We work alongside a broad spectrum of expert witnesses here at Foresight, and we are often approached by professionals looking to become an expert witness. This feature has been written by a forensic accountancy expert witness from our network, and details key facts about expert witnesses, their work and the legal implications of presenting their evidence and opinion.
An expert witness is one whose opinion, oral or written, may be used in connection with legal proceedings. Unlike other witnesses, who are confined to relating facts, an expert witness is the only witness who can express an opinion in court.
Experts are individuals with qualifications and/or experience which enable them to give an opinion on the facts of a case. Expert opinion is only admissible where the ordinary person could not decide on his own.
The Oxford Companion to Law describes expert evidence as:
“evidence given to a court, by a person skilled and experienced in some professional or technical sphere, of the conclusions he has reached on the basis of his knowledge, from facts reported to him or discovered by him by tests, measurements or similar means”.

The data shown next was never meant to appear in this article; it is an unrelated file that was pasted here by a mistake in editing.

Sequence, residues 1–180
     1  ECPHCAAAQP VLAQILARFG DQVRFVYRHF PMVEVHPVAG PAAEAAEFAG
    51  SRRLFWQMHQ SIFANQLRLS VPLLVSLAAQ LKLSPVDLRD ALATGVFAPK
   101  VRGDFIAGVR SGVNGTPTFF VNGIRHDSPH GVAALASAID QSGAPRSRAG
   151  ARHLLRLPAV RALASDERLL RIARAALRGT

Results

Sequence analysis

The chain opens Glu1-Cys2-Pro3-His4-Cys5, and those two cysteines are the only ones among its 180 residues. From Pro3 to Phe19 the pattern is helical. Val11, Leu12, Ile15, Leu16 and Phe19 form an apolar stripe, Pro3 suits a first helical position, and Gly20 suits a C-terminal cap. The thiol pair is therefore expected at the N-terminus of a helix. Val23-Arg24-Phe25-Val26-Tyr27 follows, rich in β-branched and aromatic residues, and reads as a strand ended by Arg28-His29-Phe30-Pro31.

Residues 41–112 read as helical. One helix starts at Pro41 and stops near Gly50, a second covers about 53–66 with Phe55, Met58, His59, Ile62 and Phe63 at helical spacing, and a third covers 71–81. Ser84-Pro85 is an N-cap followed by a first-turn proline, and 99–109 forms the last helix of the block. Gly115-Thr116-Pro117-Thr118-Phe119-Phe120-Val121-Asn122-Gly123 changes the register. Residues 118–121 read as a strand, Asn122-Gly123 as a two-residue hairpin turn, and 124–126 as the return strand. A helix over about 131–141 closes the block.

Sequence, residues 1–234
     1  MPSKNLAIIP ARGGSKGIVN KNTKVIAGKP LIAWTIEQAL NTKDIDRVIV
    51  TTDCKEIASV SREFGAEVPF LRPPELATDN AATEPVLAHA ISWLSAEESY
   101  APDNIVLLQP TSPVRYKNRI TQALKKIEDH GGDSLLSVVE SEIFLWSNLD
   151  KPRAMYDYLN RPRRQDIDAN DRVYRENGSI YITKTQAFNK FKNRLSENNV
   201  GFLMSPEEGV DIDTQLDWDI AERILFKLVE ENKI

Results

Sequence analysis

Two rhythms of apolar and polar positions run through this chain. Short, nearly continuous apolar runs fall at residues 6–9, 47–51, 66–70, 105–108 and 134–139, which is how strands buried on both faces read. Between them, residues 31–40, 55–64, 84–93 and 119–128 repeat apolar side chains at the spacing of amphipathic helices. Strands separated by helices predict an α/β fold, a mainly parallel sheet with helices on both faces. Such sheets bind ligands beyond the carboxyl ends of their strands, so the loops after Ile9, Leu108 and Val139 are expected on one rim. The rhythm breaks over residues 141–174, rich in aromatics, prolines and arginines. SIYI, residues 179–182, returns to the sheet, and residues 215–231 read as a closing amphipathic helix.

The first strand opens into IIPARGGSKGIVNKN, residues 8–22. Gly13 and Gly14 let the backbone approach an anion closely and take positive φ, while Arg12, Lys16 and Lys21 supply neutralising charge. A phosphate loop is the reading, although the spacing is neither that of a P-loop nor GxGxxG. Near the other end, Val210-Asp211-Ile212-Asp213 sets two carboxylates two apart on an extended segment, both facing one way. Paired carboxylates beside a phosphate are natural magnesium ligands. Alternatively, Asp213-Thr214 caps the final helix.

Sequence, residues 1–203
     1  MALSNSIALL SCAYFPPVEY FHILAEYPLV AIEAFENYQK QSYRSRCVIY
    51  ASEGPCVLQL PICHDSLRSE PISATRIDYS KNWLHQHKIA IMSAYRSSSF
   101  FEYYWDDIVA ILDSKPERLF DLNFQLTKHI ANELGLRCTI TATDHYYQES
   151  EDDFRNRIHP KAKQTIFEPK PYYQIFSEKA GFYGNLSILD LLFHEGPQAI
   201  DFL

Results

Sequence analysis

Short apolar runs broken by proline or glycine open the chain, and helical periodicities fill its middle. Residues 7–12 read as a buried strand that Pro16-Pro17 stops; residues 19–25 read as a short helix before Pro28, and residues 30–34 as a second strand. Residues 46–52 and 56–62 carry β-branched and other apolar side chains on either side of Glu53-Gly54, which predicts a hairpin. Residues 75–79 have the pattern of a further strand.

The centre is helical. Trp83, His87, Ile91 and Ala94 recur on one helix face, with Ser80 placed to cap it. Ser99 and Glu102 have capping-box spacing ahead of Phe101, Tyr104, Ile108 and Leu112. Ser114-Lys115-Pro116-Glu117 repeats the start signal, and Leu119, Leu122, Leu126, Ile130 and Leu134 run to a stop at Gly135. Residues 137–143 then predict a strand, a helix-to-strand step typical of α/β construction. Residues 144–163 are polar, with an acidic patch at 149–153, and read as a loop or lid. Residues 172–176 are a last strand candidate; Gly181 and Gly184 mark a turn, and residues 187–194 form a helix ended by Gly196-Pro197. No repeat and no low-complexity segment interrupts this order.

Courts are wary of appointing experts and will only do so if the evidence is reasonably required to resolve the proceedings justly.
The rules relating to experts are set out in Part 35 of the CPR – Civil Procedure Rules. The Criminal Code rules are very similar.
The seminal case for experts was the 1993 case of the Ikarian Reefer where it was recorded that:
“It is necessary that expert evidence presented to the court should be and should be seen to be the independent product of the expert uninfluenced as to form or content by the exigencies of litigation”. This has become known as the Cresswell Code after Mr Justice Cresswell, the judge in that case.
Being an expert means:
• Being appointed as an expert witness – for a claimant or for a defendant or as a Single Joint Expert. SJEs are usually appointed for fast track cases or for large cases where technical or quantum issues arise.
• Preparation of expert reports, affidavits, proof of evidence and giving oral evidence in court
• Appointment as an Expert Adviser for either claimant or defendant
• Being appointed as a Court appointed assessor
In short, being an expert means giving an opinion on issues based on facts found or established.
The most important piece of advice for an expert is: “Do not stray from your area of expertise”.
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Foresight is a leading national supplier of expert witnesses to criminal solicitors, family solicitors, the Crown Prosecution Service, barristers and private clients.
Contact our team on 0330 088 9000 or firstname.lastname@example.org